A Roman Citizen’s greatest statements regarding Persecution:
 
       “ Who shall separate us from the love of Christ? Shall tribulation, or distress, or persecution, or famine, or nakedness, or peril, or sword? As it is written: "For Your sake we are killed all day long; We are accounted as sheep for the slaughter."  Yet in all these things we are more than conquerors through Him who loved us. For I am persuaded that neither death nor life, nor angels nor principalities nor powers, nor things present nor things to come, nor height nor depth, nor any other created thing, shall be able to separate us from the love of God which is in Christ Jesus our Lord.     Romans 8:35-39 (NKJV)
 
      “And others were tortured, not accepting deliverance, that they might obtain a better resurrection. Still others had trial of mockings and scourgings, yes, and of chains and imprisonment. They were stoned, they were sawn in two, were tempted, were slain with the sword. They wandered about in sheepskins and goatskins, being destitute, afflicted, tormented; of whom the world was not worthy.......And all these, having obtained a good testimony through faith, did not receive the promise, God having provided something better for us, that they should not be made perfect apart from us. Hebrews 11:35--40 (NKJV)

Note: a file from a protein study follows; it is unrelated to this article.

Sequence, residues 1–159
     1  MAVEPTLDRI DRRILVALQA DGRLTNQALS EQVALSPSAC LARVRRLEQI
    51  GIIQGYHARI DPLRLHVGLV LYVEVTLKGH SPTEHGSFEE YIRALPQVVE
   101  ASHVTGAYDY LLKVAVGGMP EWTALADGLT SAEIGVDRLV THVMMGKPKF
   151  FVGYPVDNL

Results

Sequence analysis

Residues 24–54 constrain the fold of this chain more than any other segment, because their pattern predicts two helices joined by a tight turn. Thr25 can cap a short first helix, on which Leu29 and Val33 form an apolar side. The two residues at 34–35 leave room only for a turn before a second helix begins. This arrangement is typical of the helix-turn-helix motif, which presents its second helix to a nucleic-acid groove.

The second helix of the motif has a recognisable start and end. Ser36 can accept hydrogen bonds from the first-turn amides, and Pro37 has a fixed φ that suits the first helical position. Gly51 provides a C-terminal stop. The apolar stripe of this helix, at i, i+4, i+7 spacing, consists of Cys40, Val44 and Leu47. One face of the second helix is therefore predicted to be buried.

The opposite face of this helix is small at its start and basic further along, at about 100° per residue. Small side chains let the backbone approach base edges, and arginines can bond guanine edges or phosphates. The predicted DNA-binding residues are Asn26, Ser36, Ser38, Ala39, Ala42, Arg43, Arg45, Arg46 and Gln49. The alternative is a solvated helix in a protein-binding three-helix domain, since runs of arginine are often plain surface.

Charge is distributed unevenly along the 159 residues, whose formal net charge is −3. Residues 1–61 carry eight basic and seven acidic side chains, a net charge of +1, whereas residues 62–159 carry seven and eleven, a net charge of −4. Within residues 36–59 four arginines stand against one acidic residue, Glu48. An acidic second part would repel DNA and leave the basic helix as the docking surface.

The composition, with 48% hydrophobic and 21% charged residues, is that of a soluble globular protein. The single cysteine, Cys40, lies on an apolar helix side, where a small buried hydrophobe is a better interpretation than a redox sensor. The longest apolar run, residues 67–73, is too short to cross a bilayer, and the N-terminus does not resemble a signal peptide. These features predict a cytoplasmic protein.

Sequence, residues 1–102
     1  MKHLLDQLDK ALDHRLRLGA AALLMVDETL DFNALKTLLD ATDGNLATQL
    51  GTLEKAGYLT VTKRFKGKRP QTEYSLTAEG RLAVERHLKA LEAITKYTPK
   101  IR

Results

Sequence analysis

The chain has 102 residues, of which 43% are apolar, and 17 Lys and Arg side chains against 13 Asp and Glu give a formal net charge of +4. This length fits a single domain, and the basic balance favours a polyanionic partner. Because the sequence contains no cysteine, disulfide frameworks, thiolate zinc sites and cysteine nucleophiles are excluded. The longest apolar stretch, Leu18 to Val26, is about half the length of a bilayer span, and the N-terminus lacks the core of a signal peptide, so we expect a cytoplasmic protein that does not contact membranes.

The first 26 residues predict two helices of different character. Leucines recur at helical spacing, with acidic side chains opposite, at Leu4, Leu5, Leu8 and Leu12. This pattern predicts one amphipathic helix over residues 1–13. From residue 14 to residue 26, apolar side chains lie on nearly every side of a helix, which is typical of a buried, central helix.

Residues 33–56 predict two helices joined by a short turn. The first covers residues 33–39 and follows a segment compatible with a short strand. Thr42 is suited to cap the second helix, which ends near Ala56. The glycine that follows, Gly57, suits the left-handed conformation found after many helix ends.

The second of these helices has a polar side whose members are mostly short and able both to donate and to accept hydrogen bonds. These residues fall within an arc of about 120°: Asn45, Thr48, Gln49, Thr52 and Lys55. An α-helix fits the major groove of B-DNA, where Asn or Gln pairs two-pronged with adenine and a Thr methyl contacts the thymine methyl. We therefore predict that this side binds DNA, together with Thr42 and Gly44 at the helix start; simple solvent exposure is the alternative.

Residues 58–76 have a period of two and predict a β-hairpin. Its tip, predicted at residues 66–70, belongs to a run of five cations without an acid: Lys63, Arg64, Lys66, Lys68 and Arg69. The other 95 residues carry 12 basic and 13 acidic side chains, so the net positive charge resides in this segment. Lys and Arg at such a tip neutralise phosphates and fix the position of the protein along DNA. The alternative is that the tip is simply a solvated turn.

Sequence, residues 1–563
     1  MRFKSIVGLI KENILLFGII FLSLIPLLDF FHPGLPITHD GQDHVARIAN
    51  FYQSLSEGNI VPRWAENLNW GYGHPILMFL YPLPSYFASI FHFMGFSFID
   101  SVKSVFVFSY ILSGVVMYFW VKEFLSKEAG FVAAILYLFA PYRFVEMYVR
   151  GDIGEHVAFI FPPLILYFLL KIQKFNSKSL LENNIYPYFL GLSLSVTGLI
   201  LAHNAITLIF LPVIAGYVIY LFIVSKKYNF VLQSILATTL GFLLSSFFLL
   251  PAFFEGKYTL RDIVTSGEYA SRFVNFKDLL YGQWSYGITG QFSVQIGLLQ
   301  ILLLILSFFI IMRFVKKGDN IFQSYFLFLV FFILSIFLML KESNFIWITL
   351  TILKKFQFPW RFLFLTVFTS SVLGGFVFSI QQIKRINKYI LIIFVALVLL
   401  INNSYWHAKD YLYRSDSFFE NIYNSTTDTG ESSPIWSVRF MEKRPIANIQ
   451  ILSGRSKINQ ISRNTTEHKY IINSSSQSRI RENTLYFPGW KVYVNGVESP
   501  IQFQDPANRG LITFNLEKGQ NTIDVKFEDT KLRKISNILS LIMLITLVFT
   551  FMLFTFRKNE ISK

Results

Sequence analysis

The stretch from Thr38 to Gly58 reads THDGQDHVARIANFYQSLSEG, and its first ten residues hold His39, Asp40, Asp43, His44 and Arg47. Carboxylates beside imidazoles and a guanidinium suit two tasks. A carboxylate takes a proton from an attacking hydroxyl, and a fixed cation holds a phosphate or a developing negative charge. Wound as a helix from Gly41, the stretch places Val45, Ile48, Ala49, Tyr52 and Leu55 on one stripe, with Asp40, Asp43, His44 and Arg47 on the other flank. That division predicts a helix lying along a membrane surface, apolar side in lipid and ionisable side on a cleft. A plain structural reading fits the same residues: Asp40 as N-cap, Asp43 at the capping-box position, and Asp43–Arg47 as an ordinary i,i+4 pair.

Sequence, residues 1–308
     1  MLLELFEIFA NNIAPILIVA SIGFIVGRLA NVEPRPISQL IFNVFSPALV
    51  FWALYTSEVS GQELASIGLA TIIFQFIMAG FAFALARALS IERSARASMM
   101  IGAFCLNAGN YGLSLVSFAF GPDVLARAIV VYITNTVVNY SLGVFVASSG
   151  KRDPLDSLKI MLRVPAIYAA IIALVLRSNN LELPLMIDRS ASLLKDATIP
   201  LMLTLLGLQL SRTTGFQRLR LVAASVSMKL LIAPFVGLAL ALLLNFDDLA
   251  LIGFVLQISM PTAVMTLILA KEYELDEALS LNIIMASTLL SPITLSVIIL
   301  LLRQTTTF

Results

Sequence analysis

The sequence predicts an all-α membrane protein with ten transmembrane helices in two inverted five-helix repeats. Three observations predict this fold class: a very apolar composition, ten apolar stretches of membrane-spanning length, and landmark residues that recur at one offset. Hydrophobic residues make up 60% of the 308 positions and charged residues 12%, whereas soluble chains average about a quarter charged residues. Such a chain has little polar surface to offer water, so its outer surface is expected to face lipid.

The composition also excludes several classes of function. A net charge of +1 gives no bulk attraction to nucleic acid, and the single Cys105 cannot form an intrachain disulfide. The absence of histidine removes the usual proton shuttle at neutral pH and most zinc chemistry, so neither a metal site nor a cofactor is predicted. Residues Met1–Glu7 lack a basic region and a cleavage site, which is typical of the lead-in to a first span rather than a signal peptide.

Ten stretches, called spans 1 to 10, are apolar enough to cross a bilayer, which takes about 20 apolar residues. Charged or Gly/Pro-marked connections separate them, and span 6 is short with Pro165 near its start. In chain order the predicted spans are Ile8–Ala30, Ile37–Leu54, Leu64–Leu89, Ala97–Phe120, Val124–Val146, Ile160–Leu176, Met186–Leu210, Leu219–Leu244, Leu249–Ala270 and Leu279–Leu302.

christianity history
      This Christian history article is a chapter from our 3 volume book series "Bible Believer's Archaeology" which can be downloaded for your ebook reader or mobile device by visiting our resource download page by Clicking Here.
Sources:
 
The Testament Documents ISBN #0-85110-307-3
Author: F.F. Bruce   pg.119 Pliny the Younger quote. Christian history
 
Evidence that Demands a Verdict ISBN #0-918956-46-3
Author Josh Mcdowell  pg. 83 Pliny the Younger and Suetonius info:
 
Pliny Letters 10.96-97: Christian history of Letters from Pliny to the Emperor Trajan and Trajan's reply to Pliny. Christianity history
 
Illustration: ‘Christian persecution & burning of Christian martyrs in Rome”
Artist: Henry Felix Emmanual Philippoteaux (1815-1884)